Posted by Jimmy West | November 20, 2011, 4:00 pm
  29. I don’t see the word ‘review’ written here anywhere. I think everyone needs to stop getting their knickers in knot and ask themselves if this fest does need to change a few things to get people more interested.

    Posted by Kathleen Corrigan | November 20, 2011, 5:05 pm
  30. You call yourself a journalist and yet unpalpable isn’t a word, it’s impalpable.

    Posted by Grammar Nazi | November 20, 2011, 5:21 pm
  31. I gotta give my two cents

    If you’re so “intocomedy,” you should check out shit that’s advertised AS comedy, even if it’s not publicized enough. You might be surprised. Or maybe not. Then write about it.

    Some more advice: You should know that comedians are quite often approval-seeking egomaniacs (more often than the general population, at least) so they will react strongly to anything written about them — good or bad. Since these people aren’t “big names,” they’re likely to google/find anything written about them as criticism is very important to them at this stage in their careers. If you don’t want these people to explode in fury, try not to write a whole editorial shitting on their festival. They don’t respond well to it (see above.) And of course, they’ll react even more strongly when the criticism is unfounded.

    Reviews are meant for people who haven’t had the opportunity to review the material themselves, so it’s a prerequisite that you provide them with details (I am of course assuming this was meant to be a review.) You reviewed your own thoughts. Unless you’re a “big name,” nobody cares about your feelings. In the end, the biggest mistake you made was wasting your time, which is your most valuable, non-renewing resource.

    That being said, your writing and formatting are decent, so keep that up, but when you share something, make sure it has a point. Your advice for next year wasn’t exactly inspiring.

    I’m sure you’re a funny, nice person, who is just a bit critical for most people’s tastes, so perhaps you should swallow YOUR pride and explain this piece to these people so they understand where you’re coming from, instead of hating you (if their opinion of you matters, of course.) They can be a bit fickle and conceited.

    I’m gonna suck my own ass.

    Posted by Travis Green, self-ass-sucker. I suck my own ass. I'm suckin it. | November 20, 2011, 5:53 pm
    • “(I am of course assuming this was meant to be a review.)”

      You’re wrong. Also, I loved your work with the Anaheim Mighty Ducks.

      Posted by Brad M. Walter | November 20, 2011, 6:25 pm
      • Yes, ignore the bit about this being a review. I must have forgotten the substance of the article after reading through the comments, or had a lapse in intelligence. No biggie. My reputation should withstand this.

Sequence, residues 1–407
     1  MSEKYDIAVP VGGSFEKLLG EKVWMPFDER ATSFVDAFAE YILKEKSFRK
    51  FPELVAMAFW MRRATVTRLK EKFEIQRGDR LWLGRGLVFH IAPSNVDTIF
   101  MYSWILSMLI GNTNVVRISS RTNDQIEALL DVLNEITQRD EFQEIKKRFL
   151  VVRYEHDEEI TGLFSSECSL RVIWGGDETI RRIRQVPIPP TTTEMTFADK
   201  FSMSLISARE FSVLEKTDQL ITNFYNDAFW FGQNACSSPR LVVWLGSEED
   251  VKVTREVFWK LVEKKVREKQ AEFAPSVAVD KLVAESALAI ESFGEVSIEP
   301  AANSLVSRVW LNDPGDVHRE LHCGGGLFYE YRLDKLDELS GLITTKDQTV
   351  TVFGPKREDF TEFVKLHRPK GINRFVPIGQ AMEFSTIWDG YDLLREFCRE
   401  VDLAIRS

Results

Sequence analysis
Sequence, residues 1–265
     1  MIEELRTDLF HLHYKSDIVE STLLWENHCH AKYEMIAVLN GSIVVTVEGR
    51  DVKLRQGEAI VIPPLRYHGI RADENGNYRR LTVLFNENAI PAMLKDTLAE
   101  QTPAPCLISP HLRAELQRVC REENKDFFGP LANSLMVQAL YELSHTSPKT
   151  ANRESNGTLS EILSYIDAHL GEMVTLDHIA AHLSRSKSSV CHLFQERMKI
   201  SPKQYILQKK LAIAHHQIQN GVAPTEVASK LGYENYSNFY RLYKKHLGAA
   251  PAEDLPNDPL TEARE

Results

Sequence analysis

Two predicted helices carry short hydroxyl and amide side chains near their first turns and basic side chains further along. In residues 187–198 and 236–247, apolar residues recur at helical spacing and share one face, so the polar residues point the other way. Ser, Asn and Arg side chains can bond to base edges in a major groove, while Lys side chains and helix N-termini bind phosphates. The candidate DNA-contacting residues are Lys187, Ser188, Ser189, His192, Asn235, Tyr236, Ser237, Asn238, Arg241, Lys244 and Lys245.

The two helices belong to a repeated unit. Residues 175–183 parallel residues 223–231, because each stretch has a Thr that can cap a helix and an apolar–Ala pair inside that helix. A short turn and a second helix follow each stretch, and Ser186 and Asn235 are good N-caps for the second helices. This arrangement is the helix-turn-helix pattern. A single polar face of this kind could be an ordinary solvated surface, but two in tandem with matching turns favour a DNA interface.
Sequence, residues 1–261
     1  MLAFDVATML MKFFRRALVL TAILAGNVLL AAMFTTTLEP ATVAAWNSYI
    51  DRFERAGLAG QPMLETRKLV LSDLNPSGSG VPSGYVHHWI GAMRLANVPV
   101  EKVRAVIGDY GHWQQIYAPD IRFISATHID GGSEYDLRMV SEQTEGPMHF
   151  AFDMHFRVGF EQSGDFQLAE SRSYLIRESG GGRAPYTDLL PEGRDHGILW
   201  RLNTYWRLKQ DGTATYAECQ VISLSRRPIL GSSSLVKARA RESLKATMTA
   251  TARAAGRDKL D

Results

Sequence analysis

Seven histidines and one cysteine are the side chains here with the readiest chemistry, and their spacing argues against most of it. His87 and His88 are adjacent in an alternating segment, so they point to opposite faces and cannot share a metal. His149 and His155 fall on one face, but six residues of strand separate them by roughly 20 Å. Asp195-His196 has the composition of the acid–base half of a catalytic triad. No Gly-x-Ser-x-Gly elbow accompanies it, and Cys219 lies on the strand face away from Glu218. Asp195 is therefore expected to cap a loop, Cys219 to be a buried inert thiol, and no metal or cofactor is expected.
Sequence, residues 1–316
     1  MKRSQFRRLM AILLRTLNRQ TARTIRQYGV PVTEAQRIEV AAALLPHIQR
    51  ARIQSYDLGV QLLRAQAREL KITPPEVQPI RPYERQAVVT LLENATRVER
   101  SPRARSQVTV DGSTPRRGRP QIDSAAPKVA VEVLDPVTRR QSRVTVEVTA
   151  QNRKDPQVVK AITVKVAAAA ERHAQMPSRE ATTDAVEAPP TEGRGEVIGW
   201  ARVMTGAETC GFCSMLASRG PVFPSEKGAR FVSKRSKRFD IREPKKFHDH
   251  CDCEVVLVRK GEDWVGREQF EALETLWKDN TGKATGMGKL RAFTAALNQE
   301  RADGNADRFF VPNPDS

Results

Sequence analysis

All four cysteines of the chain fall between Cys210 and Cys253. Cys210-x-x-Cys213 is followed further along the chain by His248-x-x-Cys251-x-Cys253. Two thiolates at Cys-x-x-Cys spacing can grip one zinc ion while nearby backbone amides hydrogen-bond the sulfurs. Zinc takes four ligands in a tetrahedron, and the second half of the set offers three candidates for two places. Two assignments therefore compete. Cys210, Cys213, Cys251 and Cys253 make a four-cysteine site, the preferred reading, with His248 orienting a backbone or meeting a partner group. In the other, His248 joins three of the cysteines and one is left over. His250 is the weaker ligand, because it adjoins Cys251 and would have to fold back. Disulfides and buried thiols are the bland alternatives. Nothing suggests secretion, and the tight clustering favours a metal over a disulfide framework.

All the best.

        Posted by Travis Green, self-ass-sucker. I suck my own ass. I'm suckin it. | November 20, 2011, 11:40 pm
    • I believe you may be the only sane person left on the internet. Disregard all other comments, people.

      Posted by Trevor Boris | November 21, 2011, 12:52 am
  32. Two of the sketch fest’s shows were live-streamed on the internet. You didn’t even have to leave your bed!

    Posted by Paul Bates | November 20, 2011, 8:21 pm
  33. Mikey Kolberg, “comedian”. I didn’t know your name before today. Too bad for you that I know it now. I won’t be forgetting it.

    Posted by IN-ASS-A | November 20, 2011, 10:49 pm
  34. Today, the Toronto sketch comedy world revealed itself to be comprised of a bunch of immature assholes. Congratulations, folks. Mikey posted a very fair article expressing a valid point and y’all reacted like a bunch of butthurt bullies. Have fun with your careers, guys. I’m sure you’ll all make it far with your horrible attitudes and your innability to take even the mildest criticism.

    Posted by James Shannon | November 20, 2011, 11:17 pm
  35. The Toronto Sketch Comedy world also made a lot of valid points, and a lot of awesome jokes. I thought the whole point of a blog is so that people can read it and respond. They did.

    Posted by IN-ASS-A | November 20, 2011, 11:36 pm
    • Right, so naturally it’s perfectly acceptable to take personal shots and Mikey and to make vague threats regarding his future in the comedy world. Appropriate response. Grow up, children.

      Posted by James Shannon | November 21, 2011, 12:19 am
      • Vague threat? Nonsense. Just less likely that we’ll work together is all. Nothing but love coming from my huge ass!

        Posted by IN-ASS-A | November 21, 2011, 1:44 am